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Malayan Literature   By:

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Romantic Tales, Epic Poetry


Royal Chronicles

Translated Into English For The First Time

With A Special Introduction By



Easily the most charming poem of Malayan Literature is the Epic of Bidasari. It has all the absorbing fascination of a fairy tale. We are led into the dreamy atmosphere of haunted palace and beauteous plaisance: we glide in the picturesque imaginings of the oriental poet from the charm of all that is languorously seductive in nature into the shadowy realms of the supernatural. At one moment the sturdy bowman or lithe and agile lancer is before us in hurrying column, and at another we are told of mystic sentinels from another world, of Djinns and demons and spirit princes. All seems shadowy, vague, mysterious, entrancing.

In this tale there is a wealth of imagery, a luxury of picturesqueness, together with that straightforward simplicity so alluring in the story teller. Not only is our attention so captivated that we seem under a spell, but our sympathy is invoked and retained. We actually wince before the cruel blows of the wicked queen. And the hot tears of Bidasari move us to living pity. In the poetic justice that punishes the queen and rewards the heroine we take a childish delight. In other words, the oriental poet is simple, sensuous, passionate, thus achieving Milton's ideal of poetic excellence. We hope that no philosopher, philologist, or ethnologist will persist in demonstrating the sun myth or any other allegory from this beautiful poem. It is a story, a charming tale, to while away an idle hour, and nothing more. All lovers of the simple, the beautiful, the picturesque should say to such learned peepers and botanizers, "Hands off!" Let no learned theories rule here. Leave this beautiful tale for artists and lovers of the story pure and simple. Seek no more moral here than you would in a rose or a lily or a graceful palm. Light, love, color, beauty, sympathy, engaging fascination these may be found alike by philosopher and winsome youth. The story is no more immoral than a drop of dew or a lotus bloom; and, as to interest, in the land of the improviser and the story teller one is obliged to be interesting. For there the audience is either spellbound, or quickly fades away and leaves the poet to realize that he must attempt better things.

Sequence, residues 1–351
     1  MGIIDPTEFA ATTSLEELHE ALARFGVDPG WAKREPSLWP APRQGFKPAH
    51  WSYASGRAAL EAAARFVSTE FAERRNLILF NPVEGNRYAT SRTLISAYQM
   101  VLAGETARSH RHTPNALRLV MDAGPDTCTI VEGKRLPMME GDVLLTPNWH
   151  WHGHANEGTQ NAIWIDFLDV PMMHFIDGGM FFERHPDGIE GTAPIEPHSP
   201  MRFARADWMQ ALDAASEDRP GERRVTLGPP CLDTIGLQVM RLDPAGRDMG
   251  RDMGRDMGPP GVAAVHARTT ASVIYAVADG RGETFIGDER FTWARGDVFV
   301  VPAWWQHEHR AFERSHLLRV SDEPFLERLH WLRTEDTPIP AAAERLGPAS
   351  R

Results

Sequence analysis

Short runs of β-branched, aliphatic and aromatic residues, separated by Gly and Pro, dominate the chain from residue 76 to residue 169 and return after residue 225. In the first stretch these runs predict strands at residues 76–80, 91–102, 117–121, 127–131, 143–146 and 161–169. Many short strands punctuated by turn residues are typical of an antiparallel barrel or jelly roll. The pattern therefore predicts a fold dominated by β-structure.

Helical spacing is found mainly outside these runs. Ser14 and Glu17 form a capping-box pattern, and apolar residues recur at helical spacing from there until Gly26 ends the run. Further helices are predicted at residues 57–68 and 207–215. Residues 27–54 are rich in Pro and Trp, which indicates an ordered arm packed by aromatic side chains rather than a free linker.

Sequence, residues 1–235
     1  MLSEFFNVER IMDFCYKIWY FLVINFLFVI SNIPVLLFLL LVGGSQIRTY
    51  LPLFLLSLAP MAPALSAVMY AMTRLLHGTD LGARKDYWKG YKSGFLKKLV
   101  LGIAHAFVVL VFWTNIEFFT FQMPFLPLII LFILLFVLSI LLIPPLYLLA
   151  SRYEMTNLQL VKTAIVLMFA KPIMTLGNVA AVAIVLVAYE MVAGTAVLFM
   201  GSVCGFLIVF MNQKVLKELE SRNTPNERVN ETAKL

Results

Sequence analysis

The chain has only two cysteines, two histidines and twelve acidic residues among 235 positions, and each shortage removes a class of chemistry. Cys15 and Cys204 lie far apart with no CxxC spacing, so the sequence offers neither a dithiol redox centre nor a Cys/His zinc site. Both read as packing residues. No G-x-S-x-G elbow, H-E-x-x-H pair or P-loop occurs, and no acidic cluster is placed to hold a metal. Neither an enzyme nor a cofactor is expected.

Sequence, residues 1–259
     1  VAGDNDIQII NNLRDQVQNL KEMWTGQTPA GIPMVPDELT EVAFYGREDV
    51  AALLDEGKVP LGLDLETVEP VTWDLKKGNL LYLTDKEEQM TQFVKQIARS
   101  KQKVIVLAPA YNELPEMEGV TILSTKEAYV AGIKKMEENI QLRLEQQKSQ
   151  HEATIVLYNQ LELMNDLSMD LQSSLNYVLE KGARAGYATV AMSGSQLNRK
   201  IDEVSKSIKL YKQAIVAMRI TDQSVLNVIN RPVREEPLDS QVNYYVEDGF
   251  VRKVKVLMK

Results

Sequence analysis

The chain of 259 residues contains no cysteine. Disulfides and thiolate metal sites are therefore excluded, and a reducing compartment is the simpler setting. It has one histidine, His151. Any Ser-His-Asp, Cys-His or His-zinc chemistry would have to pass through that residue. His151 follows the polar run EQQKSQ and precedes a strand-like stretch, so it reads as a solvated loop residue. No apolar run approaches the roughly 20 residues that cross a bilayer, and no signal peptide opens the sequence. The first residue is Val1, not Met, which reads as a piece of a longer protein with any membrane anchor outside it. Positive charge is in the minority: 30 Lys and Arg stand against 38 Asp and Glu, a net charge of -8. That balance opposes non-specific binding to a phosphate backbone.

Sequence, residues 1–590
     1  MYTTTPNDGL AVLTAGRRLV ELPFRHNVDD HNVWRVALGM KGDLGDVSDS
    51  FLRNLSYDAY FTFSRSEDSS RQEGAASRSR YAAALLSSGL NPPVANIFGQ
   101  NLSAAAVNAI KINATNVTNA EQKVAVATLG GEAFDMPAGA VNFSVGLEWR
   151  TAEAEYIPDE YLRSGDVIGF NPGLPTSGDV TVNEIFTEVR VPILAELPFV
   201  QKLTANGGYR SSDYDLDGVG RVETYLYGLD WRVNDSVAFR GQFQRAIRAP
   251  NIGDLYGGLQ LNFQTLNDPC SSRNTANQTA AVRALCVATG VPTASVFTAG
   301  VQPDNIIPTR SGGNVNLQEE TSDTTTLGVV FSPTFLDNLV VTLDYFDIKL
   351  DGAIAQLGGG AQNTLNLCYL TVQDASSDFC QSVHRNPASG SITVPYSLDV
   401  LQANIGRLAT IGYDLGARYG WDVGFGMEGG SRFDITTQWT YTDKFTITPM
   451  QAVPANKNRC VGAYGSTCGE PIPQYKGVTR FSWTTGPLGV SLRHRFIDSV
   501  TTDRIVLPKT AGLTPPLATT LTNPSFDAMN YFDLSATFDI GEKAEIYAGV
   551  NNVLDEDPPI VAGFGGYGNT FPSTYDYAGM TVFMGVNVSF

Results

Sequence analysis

We think that these folk stories have, indeed, a common origin, but that it is in the human heart. We do not look for a Sigurd or Siegfried on every page. Imagine a nation springing from an ignorant couple on a sea girt isle, in a few generations they would have evolved their Sleeping Beauty and their Prince Charming, their enchanted castles, and their Djinns and fairies. These are as indigenous to the human heart as the cradle song or the battle cry. We do not find ourselves siding with those who would trace everything to a first exemplar. Children have played, and men have loved, and poets have sung from the beginning, and we need not run to Asia for the source of everything. Universal human nature has a certain spontaneity.

The translator has tried to reproduce the faithfulness and, in some measure, to indicate the graceful phrases of the original poem. The author of Bidasari is unknown, and the date of the poem is a matter of the utmost uncertainty. Some have attributed to it a Javanese origin, but upon very slight evidence. The best authorities place its scene in the country of Palembang, and its time after the arrival of the Europeans in the Indian archipelago, but suggest that the legend must be much older than the poem.

The "Makota Radja Radja" is one of the most remarkable books of oriental literature. According to M. Aristide Marre, who translated it into French, its date is 1603. Its author was Bokhari, and he lived at Djohore. It contains extracts from more than fifty Arab and Persian authors. It treats of the duties of man to God, to himself and to society, and of the obligations of sovereigns, subjects, ministers, and officers... Continue reading book >>

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